> interactive mode if it is on, but at the end, restore the
    > previous interactive state. In this case a push/pop
    > approach to interactive mode may be more appropriate rather
    > than stop/start. In particular, if interactive mode
    > happended to be off, you wouldn't want to turn it on at the
    > end of the script.

BTW, Eric emailed me off list. It appears that running his script in
interactive mode was the root cause of his performance problems.

In regards to running scripts from the python shell, I think the least
invasive approach is to write a run function that stores the
interactive state, calls ioff, runs the script with execfile, then
calls ion (precisely what ipython does). In fact, perhaps we should
add a run function to the pylab interface which does just this.
Fernando could simply override this function if he wants to do some
additional ipython magic. But this would wrap the logic for those who
want to run scripts from the other python shell. Of course it would
only work for non-image backends and Tk, or GUI backends associated
with a GUI shell like pycrust.

I'm less worried about people inadvertently running scripts from the
command shell with interactive set to True, because interactive
defaults to False in rc and thus the person would have had to
intentionally change it, at least at some point in dark history.
Hence they are probably aware of it. Singing the praises of ipython
yet again, I leave the default in my rc to False, and run ipython when
I want to work interactively, letting ipython turn interaction on for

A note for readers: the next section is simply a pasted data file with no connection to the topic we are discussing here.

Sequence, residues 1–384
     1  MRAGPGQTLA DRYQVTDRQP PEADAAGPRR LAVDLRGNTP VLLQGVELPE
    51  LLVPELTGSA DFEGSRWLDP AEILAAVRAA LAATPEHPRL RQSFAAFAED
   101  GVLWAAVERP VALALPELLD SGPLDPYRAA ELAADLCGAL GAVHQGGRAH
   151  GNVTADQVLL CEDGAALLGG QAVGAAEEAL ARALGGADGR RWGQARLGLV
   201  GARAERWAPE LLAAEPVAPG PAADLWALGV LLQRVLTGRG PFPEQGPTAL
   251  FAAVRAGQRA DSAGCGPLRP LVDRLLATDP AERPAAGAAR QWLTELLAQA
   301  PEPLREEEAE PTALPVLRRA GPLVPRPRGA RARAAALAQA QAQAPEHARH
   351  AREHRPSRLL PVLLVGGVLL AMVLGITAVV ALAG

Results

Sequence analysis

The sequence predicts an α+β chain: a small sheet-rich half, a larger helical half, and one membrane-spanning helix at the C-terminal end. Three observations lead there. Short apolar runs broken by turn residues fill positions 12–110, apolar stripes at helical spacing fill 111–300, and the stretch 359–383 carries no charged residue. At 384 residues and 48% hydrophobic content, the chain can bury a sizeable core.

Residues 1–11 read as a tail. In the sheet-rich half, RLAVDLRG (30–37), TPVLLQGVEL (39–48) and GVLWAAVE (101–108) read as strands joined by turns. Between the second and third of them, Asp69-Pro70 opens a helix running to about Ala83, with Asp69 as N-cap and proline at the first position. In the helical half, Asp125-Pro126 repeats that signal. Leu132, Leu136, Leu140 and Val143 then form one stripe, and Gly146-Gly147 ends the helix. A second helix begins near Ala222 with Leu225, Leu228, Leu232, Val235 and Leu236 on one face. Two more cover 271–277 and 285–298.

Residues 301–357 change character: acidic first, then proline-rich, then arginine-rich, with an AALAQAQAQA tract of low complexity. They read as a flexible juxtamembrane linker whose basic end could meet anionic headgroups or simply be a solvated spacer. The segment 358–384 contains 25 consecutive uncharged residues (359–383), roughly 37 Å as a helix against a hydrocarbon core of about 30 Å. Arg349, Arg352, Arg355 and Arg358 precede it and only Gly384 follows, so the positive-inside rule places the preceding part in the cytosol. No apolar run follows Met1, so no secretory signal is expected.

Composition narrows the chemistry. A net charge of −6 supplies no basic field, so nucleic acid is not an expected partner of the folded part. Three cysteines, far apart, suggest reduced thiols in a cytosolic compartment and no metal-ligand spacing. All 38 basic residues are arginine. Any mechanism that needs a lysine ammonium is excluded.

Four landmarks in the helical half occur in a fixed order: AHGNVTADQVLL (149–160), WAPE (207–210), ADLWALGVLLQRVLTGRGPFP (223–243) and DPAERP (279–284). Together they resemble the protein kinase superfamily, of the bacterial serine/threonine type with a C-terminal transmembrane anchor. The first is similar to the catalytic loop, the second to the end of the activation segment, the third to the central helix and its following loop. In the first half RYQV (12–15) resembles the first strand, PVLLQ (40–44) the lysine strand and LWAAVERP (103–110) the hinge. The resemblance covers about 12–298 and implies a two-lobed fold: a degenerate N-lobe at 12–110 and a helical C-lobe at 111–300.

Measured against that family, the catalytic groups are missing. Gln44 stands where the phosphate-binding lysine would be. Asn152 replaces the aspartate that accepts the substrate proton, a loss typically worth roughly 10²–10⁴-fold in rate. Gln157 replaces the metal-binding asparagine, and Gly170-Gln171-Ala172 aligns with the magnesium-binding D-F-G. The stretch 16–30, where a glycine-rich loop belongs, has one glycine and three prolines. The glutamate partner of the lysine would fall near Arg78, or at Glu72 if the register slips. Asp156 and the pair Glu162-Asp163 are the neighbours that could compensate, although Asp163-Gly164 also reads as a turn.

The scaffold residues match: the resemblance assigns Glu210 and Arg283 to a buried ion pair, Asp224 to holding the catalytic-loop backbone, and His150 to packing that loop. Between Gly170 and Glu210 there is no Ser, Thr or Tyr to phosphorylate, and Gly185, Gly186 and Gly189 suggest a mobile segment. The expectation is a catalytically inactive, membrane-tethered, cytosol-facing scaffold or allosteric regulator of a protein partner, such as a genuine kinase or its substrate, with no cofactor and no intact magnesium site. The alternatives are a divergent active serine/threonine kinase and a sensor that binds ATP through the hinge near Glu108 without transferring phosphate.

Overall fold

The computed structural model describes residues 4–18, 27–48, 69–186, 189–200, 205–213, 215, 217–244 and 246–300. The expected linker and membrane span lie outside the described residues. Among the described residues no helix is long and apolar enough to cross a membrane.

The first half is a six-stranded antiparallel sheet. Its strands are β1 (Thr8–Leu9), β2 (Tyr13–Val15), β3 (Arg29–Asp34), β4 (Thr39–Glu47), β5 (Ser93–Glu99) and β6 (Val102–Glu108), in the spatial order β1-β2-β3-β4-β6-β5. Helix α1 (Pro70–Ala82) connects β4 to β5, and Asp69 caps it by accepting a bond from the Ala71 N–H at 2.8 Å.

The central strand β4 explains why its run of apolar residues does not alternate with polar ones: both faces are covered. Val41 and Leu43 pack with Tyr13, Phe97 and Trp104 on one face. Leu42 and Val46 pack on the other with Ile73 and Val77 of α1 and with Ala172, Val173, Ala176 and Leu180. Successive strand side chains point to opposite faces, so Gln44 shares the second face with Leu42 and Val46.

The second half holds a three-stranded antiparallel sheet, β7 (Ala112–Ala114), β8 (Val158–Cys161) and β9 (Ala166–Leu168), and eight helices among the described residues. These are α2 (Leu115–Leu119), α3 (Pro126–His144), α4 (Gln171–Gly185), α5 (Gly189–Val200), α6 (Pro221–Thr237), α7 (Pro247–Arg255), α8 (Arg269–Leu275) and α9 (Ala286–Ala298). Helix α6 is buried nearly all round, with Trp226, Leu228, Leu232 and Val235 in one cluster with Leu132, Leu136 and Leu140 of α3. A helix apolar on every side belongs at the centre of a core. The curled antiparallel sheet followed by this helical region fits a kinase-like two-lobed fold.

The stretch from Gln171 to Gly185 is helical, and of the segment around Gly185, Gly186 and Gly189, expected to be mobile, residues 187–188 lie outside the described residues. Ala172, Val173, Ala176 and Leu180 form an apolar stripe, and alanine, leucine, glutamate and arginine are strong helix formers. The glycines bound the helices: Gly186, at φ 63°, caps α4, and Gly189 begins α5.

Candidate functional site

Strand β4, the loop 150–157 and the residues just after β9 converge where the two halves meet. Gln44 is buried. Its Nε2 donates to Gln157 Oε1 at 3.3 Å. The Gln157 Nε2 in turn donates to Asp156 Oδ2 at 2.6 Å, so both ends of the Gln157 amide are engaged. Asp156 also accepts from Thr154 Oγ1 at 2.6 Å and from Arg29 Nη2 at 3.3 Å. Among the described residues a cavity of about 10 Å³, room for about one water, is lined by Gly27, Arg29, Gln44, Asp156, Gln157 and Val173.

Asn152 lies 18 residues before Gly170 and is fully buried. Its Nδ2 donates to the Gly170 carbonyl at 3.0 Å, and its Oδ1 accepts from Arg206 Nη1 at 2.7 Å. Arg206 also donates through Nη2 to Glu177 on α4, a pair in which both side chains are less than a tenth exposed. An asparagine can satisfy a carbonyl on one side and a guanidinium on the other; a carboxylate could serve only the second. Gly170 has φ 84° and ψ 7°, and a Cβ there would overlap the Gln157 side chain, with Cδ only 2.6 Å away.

me. Thus I can run python somescript.py from the command shell assured
that it is off, and still use matplotlib interactively w/o having to
tweak the setting.

But if there is some concern for users who would like to leave
interactive on in rc (eg they like to use the standard python shell or
some other shell) and still be able to get the efficiency when running
scripts from the command shell, it might be possible to inspect
whether we are in a running in a python shell, and plug this
additional information into draw_if_interactive. Something like

def draw_if_interactive():
    if running_in_python_shell() and matplotlib.is_interactive():
       canvas.draw()

Anyone know how to determine whether you are running code in a python
shell versus running a script, eg from a command shell?

It occurs to me that "interactive" is not really the best name for
this matplotlib state. Really we want something that conveys
"draw_after_every_plot_command". When I named it, I was assuming that
when working interactively you would want to update with every plot
command, but have learned that this is not always the case. Do you
think it's worth coming up with new names (isdraw(),
draw_always(True/False), etc, while preserving the old names for a
while with deprecation)? Because that's what we're really doing,
controlling the drawing.

JDH

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Ted Drain Jet Propulsion Laboratory ted.drain@...369...

Yes, this was exactly the kind of usage I was envisioning. In other words,
I don't care what mode the user is using, I want this to run in "noninteractive"
mode (according to its current meaning), but I don't want to screw up their
state.

Perry

···

On Dec 13, 2004, at 2:57 PM, Ted Drain wrote:

John,
I think the push/pop functions are going to be fairly useful (ipush and ipop??). We're going to be writing a lot scripts (i.e. functions) that generate plots for our users. There is no way to tell inside the script if it's going to be used by a user in interactive mode or by another script (like a batch report generator). Having push/pop would let me do:

def stdPlot( [inputs] ):
   ipush( False )
   try:
      [ create plot ]
   finally:
      ipop()

Of course it's pretty easy to roll your own but I think it would be nice to have it in the standard set of commands.